Innovations and progress are the natural harbours of the private sector, but that sector in Ethiopia is scrambling to find safe harbours in government largess of tax cuts, incentives, favourable land grants, and other state favours.
Do the Ethiopian professional class and the private sector have some inherent character flaw that keeps them from leading the modernization of the country?
Perhaps, but the likely cause is that we feel very little obligation to give back to our country.
“We are enamoured by the West and the conspicuous displays of Western wealth,” as was once written in a 2000 Economist article, but we rarely take the necessary steps and responsibilities to create and share that wealth with our fellow citizens.
A possible explanation of this lack of innovation and motivation in the private sector to modernise itself may be found in the overwhelming, omnipresent and consistent interference of a government that pokes its nose into every aspect of life in the country.
The government exercises control on various levels of human activity of the private citizen from setting taxi tariffs to rationing sugar and cooking oil; the state exerts its controls through monopolies in telecommunications, logistics, and the financial sector; it forms youth associations and assigns them major public projects and mining concessions; and even involves itself in the manufacture of drones and x-ray machines.
The government’s interference has created insecurities that have curtailed the modernisation of the private sector. It is the national landlord that dolls out land resources to investors with little or no impact assessment, and it is the proprietor that rarely assumes responsibilities for the maintenance and upkeep of the properties that it owns.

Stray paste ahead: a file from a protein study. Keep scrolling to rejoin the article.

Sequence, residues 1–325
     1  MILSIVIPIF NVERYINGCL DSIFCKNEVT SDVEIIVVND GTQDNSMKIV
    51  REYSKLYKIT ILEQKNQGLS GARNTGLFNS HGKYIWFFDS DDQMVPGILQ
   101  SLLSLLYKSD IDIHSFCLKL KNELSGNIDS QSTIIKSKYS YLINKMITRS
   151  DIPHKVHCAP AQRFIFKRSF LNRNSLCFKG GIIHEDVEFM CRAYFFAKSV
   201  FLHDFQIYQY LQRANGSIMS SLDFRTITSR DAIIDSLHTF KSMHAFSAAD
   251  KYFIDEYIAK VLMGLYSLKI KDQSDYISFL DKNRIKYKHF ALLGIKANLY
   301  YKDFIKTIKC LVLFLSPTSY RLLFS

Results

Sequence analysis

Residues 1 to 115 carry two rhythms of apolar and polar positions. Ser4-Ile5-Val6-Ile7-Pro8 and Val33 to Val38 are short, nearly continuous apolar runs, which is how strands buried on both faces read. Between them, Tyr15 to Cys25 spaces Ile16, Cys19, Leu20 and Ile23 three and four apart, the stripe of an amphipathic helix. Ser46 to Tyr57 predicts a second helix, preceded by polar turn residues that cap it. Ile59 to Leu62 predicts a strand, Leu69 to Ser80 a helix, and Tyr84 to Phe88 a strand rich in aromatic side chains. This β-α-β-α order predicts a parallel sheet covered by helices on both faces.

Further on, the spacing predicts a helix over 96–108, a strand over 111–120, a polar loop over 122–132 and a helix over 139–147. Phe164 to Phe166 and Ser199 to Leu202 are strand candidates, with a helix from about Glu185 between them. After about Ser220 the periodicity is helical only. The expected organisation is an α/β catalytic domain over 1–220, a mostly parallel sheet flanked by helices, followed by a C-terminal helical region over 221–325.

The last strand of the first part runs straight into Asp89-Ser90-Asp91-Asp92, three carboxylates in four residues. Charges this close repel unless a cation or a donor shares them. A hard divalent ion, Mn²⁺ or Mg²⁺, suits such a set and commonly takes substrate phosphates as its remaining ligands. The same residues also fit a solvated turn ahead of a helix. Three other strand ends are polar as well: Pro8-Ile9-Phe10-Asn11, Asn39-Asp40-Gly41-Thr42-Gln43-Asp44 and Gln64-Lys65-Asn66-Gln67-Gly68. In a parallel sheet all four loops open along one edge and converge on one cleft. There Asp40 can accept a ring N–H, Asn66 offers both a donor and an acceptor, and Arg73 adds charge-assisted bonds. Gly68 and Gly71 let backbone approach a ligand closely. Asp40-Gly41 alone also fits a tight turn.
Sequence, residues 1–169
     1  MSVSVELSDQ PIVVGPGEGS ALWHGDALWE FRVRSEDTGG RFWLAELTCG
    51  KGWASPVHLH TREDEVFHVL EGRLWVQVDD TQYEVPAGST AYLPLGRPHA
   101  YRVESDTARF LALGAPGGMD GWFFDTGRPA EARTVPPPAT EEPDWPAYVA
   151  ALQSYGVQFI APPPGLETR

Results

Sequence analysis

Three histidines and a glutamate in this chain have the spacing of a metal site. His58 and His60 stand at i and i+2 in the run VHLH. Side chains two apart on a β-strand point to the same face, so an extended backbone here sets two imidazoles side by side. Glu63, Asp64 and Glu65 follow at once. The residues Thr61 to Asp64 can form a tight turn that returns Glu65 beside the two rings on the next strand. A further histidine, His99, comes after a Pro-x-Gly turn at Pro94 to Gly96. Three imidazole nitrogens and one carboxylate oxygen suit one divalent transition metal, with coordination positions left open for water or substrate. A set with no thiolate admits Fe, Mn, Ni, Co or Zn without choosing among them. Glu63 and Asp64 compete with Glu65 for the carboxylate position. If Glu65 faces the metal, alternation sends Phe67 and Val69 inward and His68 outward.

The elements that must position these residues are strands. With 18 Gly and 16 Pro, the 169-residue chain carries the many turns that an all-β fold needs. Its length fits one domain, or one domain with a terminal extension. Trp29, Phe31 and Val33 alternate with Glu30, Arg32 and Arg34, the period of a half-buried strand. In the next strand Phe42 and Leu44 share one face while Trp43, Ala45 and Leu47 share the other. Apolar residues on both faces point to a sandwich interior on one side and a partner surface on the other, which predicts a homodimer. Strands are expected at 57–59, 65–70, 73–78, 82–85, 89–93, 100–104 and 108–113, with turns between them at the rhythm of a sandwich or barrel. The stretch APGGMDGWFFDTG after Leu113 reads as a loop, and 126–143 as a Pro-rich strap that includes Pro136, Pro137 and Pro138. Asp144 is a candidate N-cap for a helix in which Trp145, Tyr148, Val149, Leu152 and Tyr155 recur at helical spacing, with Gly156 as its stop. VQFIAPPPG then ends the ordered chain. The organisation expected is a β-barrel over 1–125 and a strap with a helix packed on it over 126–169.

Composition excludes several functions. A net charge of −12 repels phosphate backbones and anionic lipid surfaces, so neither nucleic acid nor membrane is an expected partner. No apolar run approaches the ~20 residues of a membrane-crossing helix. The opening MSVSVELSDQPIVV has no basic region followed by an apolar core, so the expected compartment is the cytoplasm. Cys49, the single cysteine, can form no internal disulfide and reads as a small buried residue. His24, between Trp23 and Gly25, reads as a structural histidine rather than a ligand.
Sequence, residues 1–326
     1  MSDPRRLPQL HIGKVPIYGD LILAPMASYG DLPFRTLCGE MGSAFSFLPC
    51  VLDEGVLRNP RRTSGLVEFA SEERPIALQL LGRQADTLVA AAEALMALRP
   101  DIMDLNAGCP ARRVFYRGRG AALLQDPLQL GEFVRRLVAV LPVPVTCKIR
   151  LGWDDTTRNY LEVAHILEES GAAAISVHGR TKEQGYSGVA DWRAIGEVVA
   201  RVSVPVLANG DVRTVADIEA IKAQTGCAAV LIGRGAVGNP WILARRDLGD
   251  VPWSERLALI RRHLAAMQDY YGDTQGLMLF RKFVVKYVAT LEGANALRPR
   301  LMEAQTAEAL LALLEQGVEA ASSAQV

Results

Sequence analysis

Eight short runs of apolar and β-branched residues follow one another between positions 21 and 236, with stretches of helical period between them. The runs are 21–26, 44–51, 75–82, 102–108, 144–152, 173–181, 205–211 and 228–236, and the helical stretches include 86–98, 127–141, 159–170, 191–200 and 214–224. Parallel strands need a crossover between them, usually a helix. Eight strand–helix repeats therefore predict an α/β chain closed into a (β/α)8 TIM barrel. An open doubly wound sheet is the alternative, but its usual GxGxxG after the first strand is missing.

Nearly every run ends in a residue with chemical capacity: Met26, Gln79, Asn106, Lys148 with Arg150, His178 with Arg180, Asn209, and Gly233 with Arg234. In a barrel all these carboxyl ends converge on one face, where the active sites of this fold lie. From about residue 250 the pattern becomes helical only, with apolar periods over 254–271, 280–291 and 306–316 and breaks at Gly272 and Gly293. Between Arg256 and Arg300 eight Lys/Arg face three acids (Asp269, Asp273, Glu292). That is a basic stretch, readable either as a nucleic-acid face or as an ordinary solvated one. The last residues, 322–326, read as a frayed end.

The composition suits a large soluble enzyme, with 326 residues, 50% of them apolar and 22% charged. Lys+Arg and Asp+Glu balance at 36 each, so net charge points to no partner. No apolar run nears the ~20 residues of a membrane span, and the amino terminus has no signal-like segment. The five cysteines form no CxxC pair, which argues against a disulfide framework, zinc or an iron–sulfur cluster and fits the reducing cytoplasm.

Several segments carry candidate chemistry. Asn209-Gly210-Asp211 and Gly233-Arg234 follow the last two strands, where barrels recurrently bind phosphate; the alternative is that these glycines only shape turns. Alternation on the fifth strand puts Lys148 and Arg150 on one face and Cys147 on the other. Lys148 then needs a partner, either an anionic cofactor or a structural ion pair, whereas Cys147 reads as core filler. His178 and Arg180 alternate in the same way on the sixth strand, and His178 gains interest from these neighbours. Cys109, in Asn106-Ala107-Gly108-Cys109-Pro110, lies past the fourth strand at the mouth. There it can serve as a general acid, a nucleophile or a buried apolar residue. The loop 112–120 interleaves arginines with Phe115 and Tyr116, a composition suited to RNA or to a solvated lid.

In this atmosphere of near total state control of the economy and land resources of the country, the citizens and the private sector have little incentives to invest in modernisation and innovation.
A long history of accepting largess in Ethiopia has perpetuated a dependency of the government that has further misdirected its role in the economy.
Development has arrived at a professional, privately-run dental clinic in the heart of the city with all its accoutrements. Alas, it has arrived without the functions and details required of modernity. But the clinic is one of the few places in the country where a semblance of dentistry can be available to those who can afford it.
At last, the man with the missing tooth is called into the examination room but discharged briefly with an apparent bad news. One of the women has followed him in and they both emerge much more subdued than when they went in. They no longer have the urgency and anxiety of the long wait. The man, now relieved of his tooth and its tissue-paper rapping, led the way to the elevators and down to Churchill Road where they soon join the noise and clutter of the city.